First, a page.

Global Human Rights: International Religious Freedom Policy

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Updated January 14, 2021
Global Human Rights: International Religious Freedom Policy
The State Department’s Role
For decades, U.S. policymakers have sought to promote
The State Department leads the federal government’s
religious freedom abroad, reflecting both support for human
efforts to promote international religious freedom. The
rights in U.S. foreign policy as well as the particular
AAL for IRF heads the Office on International Religious
emphasis on freedom of religion in U.S. domestic law and
Freedom (IRF Office). Per IRFA, the AAL integrates IRF
political culture. Protection of religious freedom is also
policies into U.S. foreign policy efforts and is to participate
affirmed in international law through the United Nations
in any interagency processes in which the promotion of IRF
Universal Declaration of Human Rights, the International
“can advance United States national security interests.” The
Covenant on Civil and Political Rights, and other
AAL and the IRF Office lead the drafting of the annual
instruments. Congress has been an advocate for
international religious freedom report and advise the
international religious freedom issues and has sought to
Secretary of State on U.S. policy actions in response to
ensure continued support for religious freedom as a focus of
religious freedom violations. Sam Brownback, confirmed
U.S. foreign policy, most prominently through passage of
by the Senate in January 2018, serves as the current AAL.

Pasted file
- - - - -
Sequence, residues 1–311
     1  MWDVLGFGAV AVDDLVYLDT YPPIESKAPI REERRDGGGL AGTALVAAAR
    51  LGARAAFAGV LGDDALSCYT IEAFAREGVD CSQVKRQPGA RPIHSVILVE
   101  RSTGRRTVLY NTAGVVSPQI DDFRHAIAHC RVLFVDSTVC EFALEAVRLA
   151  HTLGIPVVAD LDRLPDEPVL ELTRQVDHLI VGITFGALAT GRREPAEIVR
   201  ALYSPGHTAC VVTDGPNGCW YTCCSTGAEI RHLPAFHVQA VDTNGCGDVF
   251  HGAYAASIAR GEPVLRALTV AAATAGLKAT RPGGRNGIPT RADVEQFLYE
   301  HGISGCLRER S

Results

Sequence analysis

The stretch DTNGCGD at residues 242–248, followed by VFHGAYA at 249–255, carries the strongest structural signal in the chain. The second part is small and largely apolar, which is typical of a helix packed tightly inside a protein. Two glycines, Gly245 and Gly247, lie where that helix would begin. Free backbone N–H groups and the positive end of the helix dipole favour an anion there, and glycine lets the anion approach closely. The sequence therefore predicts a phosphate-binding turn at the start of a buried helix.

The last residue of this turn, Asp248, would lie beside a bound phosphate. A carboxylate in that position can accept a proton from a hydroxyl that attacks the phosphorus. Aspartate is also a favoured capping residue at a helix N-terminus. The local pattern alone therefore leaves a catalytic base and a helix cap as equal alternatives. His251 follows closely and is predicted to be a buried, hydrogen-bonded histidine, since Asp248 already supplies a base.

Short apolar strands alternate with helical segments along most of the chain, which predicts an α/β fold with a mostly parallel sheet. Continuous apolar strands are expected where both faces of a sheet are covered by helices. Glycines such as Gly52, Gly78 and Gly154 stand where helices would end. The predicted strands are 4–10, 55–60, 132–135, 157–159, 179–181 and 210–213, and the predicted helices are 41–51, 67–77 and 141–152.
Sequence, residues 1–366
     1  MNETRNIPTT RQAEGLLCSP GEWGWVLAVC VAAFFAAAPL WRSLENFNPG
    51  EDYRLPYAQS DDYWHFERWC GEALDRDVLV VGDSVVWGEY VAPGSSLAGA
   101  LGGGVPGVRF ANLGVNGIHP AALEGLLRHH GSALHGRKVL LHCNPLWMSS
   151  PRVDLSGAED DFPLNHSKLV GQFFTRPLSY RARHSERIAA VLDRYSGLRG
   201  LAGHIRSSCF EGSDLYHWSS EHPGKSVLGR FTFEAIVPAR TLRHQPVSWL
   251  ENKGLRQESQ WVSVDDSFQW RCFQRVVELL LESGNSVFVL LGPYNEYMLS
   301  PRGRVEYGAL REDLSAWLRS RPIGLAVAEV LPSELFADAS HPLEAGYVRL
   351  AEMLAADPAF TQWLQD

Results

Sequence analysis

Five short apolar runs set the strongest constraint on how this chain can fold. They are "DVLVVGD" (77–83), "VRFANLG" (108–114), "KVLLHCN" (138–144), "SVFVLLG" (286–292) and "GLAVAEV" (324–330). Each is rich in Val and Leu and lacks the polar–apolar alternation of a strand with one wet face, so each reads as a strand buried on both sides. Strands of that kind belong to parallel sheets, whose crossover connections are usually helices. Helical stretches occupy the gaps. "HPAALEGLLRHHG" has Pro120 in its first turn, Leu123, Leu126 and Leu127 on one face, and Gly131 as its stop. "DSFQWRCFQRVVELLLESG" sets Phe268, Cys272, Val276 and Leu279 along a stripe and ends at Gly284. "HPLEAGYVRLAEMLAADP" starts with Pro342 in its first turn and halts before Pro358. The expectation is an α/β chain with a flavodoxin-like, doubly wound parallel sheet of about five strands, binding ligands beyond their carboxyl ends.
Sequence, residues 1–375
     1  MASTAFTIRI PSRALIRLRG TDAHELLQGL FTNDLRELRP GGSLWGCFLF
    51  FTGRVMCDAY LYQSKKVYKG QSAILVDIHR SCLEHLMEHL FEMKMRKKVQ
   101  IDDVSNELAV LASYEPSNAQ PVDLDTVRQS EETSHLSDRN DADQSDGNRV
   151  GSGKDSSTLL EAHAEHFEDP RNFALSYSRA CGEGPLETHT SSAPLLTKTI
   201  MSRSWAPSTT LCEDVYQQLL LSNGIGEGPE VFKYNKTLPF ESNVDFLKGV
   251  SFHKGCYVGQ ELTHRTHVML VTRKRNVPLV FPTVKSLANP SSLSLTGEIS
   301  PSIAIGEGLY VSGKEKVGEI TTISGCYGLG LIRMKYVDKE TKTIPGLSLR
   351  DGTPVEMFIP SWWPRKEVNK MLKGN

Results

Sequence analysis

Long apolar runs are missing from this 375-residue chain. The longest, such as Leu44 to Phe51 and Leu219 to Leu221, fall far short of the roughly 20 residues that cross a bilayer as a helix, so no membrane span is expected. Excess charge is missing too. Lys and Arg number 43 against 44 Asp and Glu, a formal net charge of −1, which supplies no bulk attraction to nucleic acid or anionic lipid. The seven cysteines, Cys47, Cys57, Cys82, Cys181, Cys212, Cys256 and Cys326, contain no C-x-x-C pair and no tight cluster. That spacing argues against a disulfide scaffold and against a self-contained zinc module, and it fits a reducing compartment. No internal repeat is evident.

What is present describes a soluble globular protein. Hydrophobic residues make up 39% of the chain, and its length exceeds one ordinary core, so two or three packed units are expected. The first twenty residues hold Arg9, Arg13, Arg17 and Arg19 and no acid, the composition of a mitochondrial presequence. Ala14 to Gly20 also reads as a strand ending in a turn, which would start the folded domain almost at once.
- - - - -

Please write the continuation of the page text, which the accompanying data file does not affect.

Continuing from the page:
the International Religious Freedom Act of 1998 (IRFA).
Other senior State Department positions related to religious
Legislative Background
freedom include the congressionally mandated position of
The International Religious Freedom Act of 1998 (P.L.
Special Envoy for Monitoring and Combating anti-
105-292) is the foundational legislation for U.S.
Semitism (currently held by Elan S. Carr), and the Special
international religious freedom (IRF) policy. Recognizing
Advisor for Religious Minorities in the Near East and
religious freedom as a “universal human right,” IRFA
South/Central Asia (currently vacant).
created various government mechanisms aimed at
In June 2019, Secretary of State Pompeo announced that the
cementing IRF as a foreign policy priority of the United
State Department was elevating the IRF Office and the
States. Most significantly, the law
Office of the Special Envoy for Monitoring and Combating
 created an Office on International Religious Freedom
anti-Semitism by designating that these offices report
within the State Department headed by an Ambassador
directly to the Under Secretary of State for Civilian